ELDORADO AREA WATER & SANITATION DISTRICT
2 North Chamisa Drive, Santa Fe, New Mexico 87508-9483
IMPORTANT MESSAGE TO OUR CUSTOMERS
February 1, 2023: Annual Water Main Flushing started February 1st, (Mon. through Fri., 8:30 AM to 4:00 PM) and is now set to conclude by March 31st due to weather delays. Water main flushing is an annual maintenance operation that helps remove mineral sediments and improve overall water quality. Flushing activities will take place throughout the entire water system.
ELDORADO WATER & SANITATION DISTRICT HISTORY
A full history of the Eldorado area can be found in the book Windmills and Dreams, published by the Eldorado Community Improvement Association (ECIA).
Early water services to the area
In the area of southeast Santa Fe County, which is now known as the Eldorado area, water services were originally provided by windmill-driven wells. This changed in 1969, when the American Realty and Petroleum Corporation (AMREP) purchased the Simpson Ranch for development.
Over the next three decades, subsidized community water services were provided by a subsidiary of AMREP, El Dorado Utilities (EDU). As new homes were built, EDU drilled wells and added water lines to meet growing needs. With its development nearing completion in 2000, AMREP ended its subsidization of water sales, moved to dispose of EDU by offering the system for sale, and began deferring maintenance.
Public acquisition of the system
There was a strong desire among residents of Eldorado to have control over their water supply. The Eldorado Area Water and Sanitation District was formed in 1997 by a vote of the Eldorado community, in order to have an entity legally empowered to enter into negotiations for purchase of the utility from AMREP. The new District Board commissioned an independent financial analysis of the water system, which estimated its value at about $3 million.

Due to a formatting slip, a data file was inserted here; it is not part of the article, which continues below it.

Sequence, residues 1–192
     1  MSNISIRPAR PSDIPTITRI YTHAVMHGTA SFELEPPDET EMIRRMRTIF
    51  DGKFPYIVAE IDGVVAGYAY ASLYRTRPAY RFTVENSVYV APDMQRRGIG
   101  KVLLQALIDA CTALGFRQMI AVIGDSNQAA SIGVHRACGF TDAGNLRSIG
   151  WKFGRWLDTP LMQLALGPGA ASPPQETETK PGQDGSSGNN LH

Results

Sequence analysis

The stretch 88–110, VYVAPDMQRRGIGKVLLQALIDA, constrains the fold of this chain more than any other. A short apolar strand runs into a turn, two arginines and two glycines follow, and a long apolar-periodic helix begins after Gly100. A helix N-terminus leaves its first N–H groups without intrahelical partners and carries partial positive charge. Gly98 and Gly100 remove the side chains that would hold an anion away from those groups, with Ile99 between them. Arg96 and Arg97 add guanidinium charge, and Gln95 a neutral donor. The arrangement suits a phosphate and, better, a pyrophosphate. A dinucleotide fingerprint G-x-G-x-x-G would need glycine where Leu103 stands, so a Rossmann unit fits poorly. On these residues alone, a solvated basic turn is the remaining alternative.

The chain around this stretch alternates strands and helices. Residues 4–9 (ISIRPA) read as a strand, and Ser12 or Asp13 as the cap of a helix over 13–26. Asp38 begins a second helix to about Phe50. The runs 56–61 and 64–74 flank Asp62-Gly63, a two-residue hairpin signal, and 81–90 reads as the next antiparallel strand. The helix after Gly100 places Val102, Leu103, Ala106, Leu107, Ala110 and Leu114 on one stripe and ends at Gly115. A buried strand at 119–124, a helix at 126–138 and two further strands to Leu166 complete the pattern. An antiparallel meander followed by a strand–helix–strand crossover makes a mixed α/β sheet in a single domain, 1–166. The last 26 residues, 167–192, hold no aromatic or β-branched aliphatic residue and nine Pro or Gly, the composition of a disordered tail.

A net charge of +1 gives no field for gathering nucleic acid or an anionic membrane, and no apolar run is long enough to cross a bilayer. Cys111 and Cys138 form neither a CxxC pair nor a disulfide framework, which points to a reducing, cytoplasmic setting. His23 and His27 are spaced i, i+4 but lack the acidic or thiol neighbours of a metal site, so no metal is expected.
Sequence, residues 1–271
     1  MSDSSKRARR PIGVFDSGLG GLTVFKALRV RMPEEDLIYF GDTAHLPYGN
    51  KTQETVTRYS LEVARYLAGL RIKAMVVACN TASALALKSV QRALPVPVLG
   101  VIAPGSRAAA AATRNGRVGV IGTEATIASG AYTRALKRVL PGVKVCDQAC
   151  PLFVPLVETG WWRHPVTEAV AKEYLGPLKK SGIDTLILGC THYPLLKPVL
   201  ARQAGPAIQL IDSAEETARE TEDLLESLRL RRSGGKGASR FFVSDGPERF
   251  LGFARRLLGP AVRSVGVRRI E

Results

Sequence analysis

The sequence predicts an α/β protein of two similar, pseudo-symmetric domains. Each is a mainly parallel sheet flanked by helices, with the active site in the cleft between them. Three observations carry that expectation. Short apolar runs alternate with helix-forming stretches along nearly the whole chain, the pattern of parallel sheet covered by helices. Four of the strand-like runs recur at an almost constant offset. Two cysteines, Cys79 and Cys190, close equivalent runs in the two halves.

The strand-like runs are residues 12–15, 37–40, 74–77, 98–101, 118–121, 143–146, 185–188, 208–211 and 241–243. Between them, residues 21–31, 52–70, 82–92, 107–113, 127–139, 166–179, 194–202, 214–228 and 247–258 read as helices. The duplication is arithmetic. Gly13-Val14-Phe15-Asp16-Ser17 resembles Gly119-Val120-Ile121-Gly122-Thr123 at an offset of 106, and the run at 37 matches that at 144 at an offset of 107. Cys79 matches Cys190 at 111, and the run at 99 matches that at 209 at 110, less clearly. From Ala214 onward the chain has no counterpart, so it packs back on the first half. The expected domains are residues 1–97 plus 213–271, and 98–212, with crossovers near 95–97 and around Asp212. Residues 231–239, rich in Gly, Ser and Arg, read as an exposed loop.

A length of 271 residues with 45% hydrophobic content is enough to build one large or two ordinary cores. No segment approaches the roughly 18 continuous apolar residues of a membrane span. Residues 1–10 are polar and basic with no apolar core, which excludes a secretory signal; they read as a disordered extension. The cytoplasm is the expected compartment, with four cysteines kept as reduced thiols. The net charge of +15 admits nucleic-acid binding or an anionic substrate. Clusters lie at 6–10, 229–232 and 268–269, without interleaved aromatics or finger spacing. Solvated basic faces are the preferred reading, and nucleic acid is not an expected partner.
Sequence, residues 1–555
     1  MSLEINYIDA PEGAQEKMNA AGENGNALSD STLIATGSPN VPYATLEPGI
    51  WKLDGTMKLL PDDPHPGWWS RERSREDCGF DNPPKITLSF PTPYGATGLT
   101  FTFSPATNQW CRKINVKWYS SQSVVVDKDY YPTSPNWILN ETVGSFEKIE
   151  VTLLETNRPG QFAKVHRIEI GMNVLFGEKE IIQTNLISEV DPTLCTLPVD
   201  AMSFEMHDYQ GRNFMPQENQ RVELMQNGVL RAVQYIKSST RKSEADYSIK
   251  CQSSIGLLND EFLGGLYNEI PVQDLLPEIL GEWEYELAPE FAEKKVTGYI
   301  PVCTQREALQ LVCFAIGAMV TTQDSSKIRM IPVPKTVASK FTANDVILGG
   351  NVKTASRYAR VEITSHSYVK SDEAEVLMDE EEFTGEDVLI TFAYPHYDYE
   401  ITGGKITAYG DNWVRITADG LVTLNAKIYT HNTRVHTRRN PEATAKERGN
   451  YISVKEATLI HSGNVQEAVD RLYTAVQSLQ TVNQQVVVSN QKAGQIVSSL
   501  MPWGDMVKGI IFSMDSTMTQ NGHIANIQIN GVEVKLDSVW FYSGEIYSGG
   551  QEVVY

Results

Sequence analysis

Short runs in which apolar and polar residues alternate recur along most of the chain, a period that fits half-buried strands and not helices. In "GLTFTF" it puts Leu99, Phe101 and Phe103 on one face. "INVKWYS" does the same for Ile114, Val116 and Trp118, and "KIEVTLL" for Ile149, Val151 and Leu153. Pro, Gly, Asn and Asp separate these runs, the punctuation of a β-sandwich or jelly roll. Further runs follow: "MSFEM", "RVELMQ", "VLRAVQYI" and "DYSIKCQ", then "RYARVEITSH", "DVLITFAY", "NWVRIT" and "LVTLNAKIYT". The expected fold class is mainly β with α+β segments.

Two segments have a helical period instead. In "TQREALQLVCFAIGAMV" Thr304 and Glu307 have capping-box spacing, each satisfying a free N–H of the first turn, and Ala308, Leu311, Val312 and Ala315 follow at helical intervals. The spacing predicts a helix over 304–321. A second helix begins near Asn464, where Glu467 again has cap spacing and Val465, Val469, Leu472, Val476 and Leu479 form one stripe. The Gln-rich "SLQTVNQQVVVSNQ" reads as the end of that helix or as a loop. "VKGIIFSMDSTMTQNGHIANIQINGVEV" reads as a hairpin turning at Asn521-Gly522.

In 2001, AMREP entered into negotiations with a privately held utility conglomerate, and refused further negotiations with the District. Following a vote by the community served by the water utility, the District’s Board of Directors began the process of acquiring the utility by exercising the power of eminent domain granted to the District under the New Mexico Water and Sanitation Act.
Financing the purchase
In January 2003, the EAWSD Board approved the issuance of bonds, and in February, filed to condemn the water system in order to prevent its sale to the privately held utility conglomerate. AMREP appealed the condemnation and the case went to a jury trial in September 2004. The jury in the condemnation case set the price of the utility at $11.047 million.
EAWSD took on a debt of $13.7 million to acquire the utility (including bond issuance costs and funds for critically needed capital improvements). Some of this original debt was in the form of general obligation bonds secured by property taxes, and some in the form of revenue bonds secured by water rates. These bonds were refinanced at lower interest rates in June 2013, using loans from the New Mexico Finance Authority, and will be fully paid off in 2025. Payments to service this debt currently cost the Eldorado area community more than a million dollars a year.